This site will look much better in a browser that supports web standards, but it is accessible to any browser or Internet device.

April 2001 - Issue No. #42 (p.10-11)

The Trading Game

A Simulation of the Global Economy

by Gwen Stamm

University of Washington, Seattle, USA

Recently, I've introduced a simulation in my Business Topics class which illustrates to students how trade can benefit and hinder the economic development of different communities or countries. It generates interest and discussion about the world trading system in an enjoyable and non-academic way, often leading to a broader understanding of trade relationships.

I teach at the University of Washington in Seattle and have one all-Japanese class of 15 students who are part of our four-quarter program. Their abilities are in the intermediate range. The program's focus is business topics and communication. Various areas of business are studied and discussed. This simulation game is used during their textbooks chapters on "Ethics and Social Responsibility" and "International Trade."

The simulation, entitled the Trading Game, divides students into three groups, each representing a different country:

  • A most developed country (e.g.France)
  • A less developed country (e.g. Peru)
  • A least developed country (e.g. Ghana)

Each country is given an envelope containing raw materials (e.g. paper) and/or technology (e.g. scissors). The materials and technology differ from country to country, according to their level of development. With the contents of their envelopes, the students are asked to produce shapes; each shape representing a monetary value they can redeem by depositing in the bank. The goal of the game is to gain as much wealth as possible. The winner is the country that has accumulated the most wealth in their bank account at the end of a 45-minute period.

Once the game begins, students soon discover that the contents of their envelope may or may not help them in producing wealth. The also realize that each country has not received equal contents. Obviously, some do not have enough raw materials or technology to produce any of the shapes. In order for them to do so, they must negotiate and trade with other countries.

Students soon become quite engaged in this simulation. They are eager to produce wealth and are very active in negotiating and trading with each other. As might be expected, not all countries are cooperative and helpful; nor are all countries equally and helpful; nor are all countries equally successful. Behaviors range from very aggressive to completely passive as students are confronted with the obstacles of trading and making wealth.

After about 45 minutes of trading, the simulation is stopped and the whole class has a discussion about their feelings and behavior during the simulation. The discussion can take anywhere from 20-40 minutes depending on the students and the teacher's specific goals. This is a critical part of the simulation and can also be followed up with a written assignment which allows students to express their ideas more fully.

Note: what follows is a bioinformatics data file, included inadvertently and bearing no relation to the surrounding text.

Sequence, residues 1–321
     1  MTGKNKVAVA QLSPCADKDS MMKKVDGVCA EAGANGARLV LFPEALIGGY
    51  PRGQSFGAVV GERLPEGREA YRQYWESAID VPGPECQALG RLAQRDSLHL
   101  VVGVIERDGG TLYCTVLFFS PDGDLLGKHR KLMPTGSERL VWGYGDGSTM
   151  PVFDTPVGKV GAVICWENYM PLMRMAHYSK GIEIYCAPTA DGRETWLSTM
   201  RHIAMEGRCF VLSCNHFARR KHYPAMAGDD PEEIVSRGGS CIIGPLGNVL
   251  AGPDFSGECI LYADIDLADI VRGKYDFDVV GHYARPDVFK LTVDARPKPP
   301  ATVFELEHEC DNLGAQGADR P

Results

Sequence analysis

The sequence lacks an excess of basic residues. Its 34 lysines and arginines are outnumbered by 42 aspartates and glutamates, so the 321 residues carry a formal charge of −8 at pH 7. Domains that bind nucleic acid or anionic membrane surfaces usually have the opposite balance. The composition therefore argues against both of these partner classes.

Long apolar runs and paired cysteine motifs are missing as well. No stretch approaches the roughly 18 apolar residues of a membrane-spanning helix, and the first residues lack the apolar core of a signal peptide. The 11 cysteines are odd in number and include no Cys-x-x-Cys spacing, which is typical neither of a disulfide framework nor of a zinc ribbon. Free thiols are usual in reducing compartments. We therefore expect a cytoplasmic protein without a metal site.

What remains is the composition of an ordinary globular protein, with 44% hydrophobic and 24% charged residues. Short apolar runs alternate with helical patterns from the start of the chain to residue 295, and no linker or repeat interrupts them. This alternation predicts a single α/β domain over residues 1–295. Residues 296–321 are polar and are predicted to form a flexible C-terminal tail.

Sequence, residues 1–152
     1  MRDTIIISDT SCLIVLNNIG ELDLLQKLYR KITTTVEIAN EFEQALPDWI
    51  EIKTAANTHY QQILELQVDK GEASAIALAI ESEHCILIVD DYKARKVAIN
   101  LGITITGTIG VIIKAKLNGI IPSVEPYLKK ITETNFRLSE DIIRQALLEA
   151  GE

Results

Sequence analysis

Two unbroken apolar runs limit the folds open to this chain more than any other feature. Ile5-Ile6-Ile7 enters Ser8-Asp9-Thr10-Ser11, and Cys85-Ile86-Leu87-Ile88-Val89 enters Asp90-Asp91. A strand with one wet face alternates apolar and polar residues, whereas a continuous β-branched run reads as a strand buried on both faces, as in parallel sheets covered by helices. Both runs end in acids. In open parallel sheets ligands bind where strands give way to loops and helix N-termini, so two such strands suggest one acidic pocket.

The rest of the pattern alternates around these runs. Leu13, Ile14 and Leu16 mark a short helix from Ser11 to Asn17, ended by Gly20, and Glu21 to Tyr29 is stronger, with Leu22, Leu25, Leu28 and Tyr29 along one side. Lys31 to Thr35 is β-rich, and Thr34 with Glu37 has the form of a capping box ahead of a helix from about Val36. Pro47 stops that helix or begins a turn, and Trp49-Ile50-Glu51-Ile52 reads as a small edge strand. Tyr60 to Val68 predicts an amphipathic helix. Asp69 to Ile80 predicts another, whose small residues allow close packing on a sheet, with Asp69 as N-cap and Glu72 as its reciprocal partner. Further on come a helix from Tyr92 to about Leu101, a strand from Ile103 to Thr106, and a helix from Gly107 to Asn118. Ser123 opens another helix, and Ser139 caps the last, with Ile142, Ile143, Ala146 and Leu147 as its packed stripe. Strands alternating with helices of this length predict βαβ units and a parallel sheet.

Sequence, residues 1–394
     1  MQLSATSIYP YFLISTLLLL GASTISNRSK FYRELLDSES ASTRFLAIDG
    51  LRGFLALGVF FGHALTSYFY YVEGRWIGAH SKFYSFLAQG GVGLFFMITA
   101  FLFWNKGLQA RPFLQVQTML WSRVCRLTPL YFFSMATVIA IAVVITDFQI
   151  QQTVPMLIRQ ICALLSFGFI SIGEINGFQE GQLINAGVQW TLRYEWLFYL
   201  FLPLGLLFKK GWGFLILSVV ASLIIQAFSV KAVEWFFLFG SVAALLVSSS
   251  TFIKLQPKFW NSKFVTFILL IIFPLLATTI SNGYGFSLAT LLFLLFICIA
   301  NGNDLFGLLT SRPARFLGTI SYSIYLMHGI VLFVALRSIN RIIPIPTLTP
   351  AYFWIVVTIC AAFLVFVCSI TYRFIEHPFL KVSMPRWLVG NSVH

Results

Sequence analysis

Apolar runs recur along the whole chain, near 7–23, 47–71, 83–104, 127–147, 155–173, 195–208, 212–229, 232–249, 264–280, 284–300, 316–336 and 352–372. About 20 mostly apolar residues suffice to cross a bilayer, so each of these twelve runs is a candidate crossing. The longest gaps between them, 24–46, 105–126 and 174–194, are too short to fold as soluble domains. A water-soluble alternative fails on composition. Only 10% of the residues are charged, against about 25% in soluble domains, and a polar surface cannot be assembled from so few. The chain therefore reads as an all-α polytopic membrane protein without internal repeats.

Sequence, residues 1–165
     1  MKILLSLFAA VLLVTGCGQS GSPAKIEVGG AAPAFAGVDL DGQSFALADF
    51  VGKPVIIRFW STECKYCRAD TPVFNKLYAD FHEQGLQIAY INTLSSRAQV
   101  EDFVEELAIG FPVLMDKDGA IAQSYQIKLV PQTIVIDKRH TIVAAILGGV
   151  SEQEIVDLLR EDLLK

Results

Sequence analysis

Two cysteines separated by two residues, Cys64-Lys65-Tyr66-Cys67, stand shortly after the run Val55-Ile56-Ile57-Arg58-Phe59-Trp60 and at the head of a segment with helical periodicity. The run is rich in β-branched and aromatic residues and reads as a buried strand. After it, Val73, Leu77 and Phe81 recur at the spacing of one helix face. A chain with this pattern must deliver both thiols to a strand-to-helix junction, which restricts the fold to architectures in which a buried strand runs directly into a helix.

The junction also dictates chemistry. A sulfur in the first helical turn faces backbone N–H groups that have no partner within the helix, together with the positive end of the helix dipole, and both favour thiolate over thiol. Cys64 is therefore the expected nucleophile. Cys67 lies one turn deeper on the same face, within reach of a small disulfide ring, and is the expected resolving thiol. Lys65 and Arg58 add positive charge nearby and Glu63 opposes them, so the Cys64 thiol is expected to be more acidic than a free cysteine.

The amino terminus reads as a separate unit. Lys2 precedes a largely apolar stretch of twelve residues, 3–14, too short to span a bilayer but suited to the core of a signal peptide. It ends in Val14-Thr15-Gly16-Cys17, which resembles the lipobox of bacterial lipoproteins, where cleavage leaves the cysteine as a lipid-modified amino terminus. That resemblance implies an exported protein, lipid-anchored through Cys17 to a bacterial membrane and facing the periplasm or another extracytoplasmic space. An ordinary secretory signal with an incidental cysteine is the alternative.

This simulation has received very positive comments from students. I have now used it successfully four times with groups of 30-45 students. However, it is also suitable for groups of 15. Some typical comments from students are as follows:

    What was the most important thing you learned from The Trading Game?
  • "To understand the system of trading between countries and learn how to think about economic power or unfair situation from another angle."
  • "To have a superb marketing strategy are indispensable when it comes to trading"
  • "Communicating and cooperating are necessary when we work in a group."
  • "What developing countries lack as a whole is education. Without high education, they can never survive in free trading system but they just get exploited by developed countries."
  • Did this game change your way of thinking in any way? If so, explain.
  • "Yes, I really understood the situation of the Third World countries. After the game, I wanted to know how we can help them and what we have done to support them."
  • "I need to have a wider view."
  • "Before, I couldn't understand why a poor country doesn't try to be rich, but I noticed a poor country can't do anything because of lack of materials or resources."
  • "It made me realize how hard it is to start from a weaker point."
    Would you recommend this game be played in future classes in this program?
  • "Absolutely yes."
  • "Yes, I think it is a well prepared game."
  • "Yes, I think it's a good opportunity to think about something together."
  • "Yes, I recommend."
  • "Yes, I learned important thing by experiencing."
How To Obtain The Simulation

This simulation, along with several other simulation games useful for the classroom, can be purchased through Oxfam's Education Resources for Schools catalog (on-line at the website listed). Oxfam is an independent British organisation affiliated with Oxfam International, with partners, volunteers and staff of many nationalities, which is part of a worldwide movement to build a just and safer world.

If you have further questions about this simulation, please feel free to contact me.

This article is based on a workshop given by the author to the Washington State TESOL affiliate.

Gwen Stamm, University of Washington, P.O. Box 354232, Seattle, WA 98195-4232 USA
Tel: 206-685-6528 E-mail:


Please note that the most recent issues of the newsletter are available to subscribers only. Please check our subcription page at for more details about subscribing.

You can search the site by using the above tabs or click on the links below.

Kip A. Cates, Tottori University, Koyama, Tottori City, JAPAN 680-8551
E-mail: Work Tel/Fax: 0857-31-5650